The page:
can be useful sometimes to ensure that the API client handles
    exceptions, but they are also quite bulky.


    Timo
    Timo Stamm, Feb 17, 2006
    #4
  5. tom fredriksen:
    >For example 2 an EOF type buffer is not an exception
    >but a normal case that happens once in a while, and a full buffer can
    >possibly be solved by a lockking wait or by increasing the buffer.


    nice :)
    JPractitioner, Feb 17, 2006
    #5
  6. tom fredriksen

    EricF Guest

    In article <43f51ae9$>, tom fredriksen <> wrote:
    >JPractitioner wrote:
    >> Hello Tom,
    >>
    >> IMHO, unexpected things happening in my case would be such as
    >> 1. Sudden network connection failure when doing network programming,
    >> i.e. sometimes, before i managed to send all packets, the connection
    >> was closed suddenly due to various factors i.e. bad threading that
    >> caused locks, or even power failure that close the connection
    >> forcefully.
    >>
    >> 2. people trying to abuse resources, pumping so many data for
    >> buffering.

    >
    >This is where my problem is, most of these issues can be resolved
    >locally at the point of event, f.ex. sudden network connection failure
    >can be fixed then and there by reopening the connection. Of course, if
    >its in the middle of a communication, its type decides how you can
    >handle it. And then its probably legitimate to use exceptions to signal
    >it up the stack. For example 2 an EOF type buffer is not an exception
    >but a normal case that happens once in a while, and a full buffer can
    >possibly be solved by a lockking wait or by increasing the buffer.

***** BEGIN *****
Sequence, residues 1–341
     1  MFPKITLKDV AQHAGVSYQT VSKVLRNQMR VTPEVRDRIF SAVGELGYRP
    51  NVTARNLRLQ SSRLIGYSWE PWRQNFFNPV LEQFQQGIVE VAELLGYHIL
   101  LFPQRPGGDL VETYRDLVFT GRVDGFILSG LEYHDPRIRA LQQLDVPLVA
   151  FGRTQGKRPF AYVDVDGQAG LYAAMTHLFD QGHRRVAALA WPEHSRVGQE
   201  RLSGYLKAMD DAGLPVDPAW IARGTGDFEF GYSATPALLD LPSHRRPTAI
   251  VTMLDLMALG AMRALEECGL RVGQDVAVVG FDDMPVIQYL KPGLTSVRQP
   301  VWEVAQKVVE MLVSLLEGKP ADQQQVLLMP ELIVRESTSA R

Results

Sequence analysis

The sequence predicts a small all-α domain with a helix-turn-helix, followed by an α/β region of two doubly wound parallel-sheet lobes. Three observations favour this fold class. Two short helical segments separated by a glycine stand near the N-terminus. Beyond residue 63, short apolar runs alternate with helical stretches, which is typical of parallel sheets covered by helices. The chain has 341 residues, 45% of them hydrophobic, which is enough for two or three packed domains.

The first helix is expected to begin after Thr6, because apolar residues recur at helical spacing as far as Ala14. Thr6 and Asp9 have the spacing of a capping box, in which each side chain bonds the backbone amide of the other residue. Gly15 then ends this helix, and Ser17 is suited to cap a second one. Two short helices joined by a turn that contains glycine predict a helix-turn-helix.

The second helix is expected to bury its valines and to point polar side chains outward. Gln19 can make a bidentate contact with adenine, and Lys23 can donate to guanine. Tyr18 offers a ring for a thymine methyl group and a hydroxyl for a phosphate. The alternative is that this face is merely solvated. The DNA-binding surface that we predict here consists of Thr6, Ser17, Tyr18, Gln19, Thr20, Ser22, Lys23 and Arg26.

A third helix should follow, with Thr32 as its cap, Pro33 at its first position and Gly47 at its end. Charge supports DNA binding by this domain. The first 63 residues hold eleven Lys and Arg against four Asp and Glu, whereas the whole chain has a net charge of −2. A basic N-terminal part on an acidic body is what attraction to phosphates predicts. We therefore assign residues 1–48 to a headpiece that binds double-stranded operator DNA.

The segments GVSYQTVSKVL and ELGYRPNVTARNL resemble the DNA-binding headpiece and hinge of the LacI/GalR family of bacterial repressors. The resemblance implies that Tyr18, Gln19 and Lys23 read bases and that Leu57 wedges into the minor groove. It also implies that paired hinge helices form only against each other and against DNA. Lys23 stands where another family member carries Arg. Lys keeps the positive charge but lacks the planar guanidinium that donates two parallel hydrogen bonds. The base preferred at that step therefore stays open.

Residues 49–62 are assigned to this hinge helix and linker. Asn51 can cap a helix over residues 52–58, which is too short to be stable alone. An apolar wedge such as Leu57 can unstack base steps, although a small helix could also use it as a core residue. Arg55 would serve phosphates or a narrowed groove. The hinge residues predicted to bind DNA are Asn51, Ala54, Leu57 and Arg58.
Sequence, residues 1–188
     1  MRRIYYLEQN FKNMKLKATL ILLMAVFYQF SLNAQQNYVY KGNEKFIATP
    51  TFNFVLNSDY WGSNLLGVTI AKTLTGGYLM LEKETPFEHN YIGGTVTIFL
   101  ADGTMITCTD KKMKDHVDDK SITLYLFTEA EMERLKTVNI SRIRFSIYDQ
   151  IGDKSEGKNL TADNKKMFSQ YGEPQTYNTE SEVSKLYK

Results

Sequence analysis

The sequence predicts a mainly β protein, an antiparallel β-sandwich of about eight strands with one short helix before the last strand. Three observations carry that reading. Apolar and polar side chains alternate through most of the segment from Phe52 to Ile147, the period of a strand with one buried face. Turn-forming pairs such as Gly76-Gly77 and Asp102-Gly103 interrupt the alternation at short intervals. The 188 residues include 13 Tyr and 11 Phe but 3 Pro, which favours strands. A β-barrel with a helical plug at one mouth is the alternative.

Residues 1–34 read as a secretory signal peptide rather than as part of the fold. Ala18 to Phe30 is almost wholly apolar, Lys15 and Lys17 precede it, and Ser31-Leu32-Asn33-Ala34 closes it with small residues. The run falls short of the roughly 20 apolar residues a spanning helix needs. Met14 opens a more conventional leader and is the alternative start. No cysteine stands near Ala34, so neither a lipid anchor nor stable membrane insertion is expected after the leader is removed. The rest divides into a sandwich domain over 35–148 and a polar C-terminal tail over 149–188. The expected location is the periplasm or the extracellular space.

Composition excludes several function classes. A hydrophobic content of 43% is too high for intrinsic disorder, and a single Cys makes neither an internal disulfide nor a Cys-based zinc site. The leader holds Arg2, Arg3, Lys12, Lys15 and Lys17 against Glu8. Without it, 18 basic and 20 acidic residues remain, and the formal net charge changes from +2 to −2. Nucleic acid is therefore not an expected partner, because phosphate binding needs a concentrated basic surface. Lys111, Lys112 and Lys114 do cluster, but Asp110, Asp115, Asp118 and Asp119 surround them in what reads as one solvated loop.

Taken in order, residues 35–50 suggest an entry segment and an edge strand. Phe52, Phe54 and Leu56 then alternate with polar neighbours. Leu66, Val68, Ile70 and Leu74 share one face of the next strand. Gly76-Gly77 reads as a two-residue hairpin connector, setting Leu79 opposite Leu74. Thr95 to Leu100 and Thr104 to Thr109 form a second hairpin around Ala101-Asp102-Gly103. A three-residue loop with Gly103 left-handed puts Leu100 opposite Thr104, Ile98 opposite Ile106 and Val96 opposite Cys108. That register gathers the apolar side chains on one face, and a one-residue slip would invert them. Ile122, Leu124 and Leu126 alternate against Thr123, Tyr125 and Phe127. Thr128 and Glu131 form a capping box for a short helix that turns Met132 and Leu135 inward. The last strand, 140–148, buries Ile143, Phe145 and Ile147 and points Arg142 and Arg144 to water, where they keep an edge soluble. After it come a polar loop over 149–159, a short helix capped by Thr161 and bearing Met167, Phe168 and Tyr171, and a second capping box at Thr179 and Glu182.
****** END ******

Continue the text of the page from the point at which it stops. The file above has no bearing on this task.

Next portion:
>
    >Hmm, maybe the solution is to try to solve it locally, but if that does
    >not work, or the semantics of the failure dictates higher order error
    >recovery, then you can throw an exception.
    >
    >/tom


    You are not wrong with the network connection failure - a database connection
    problem is similar. A common technique is to loop some small number of times
    and if you get an exception, sleep a bit. if some threshhold is exceeded, then
    throw the exception.

    Actually database may be a good example for you if you are familiar with them.
    Deadlock can happen but it's rare. That's an exception. Maybe you have a table
    of states (if US) and you expect a select to always return 1 row - but someone
    has accidentally deleted a row. That's an exception.

    Eric
    EricF, Feb 17, 2006
    #6
  7. tom fredriksen wrote:
    >
    > Reading a bit more about exceptions.
    >
    > I am having a bit of problems grappling with the use of checked
    > exceptions regarding "unexpected" situations. To me all situations which
    > you write code to handle is expected, so there should not really be many
    > cases for exceptions at all. So the question for me then, is when to use
    > exceptions and when not to. Anybody care to share their experiences or
    > spell out what it is I am missing?


    I think you are splitting hairs too finely over the meaning of
    "unexpected". Perhaps it would help to put down your textbook and read
    through some of the platform API documentation for a while to see how
    exceptions are used there. Reading the API docs is good for you anyway.
    Various classes in java.io and java.util will provide examples that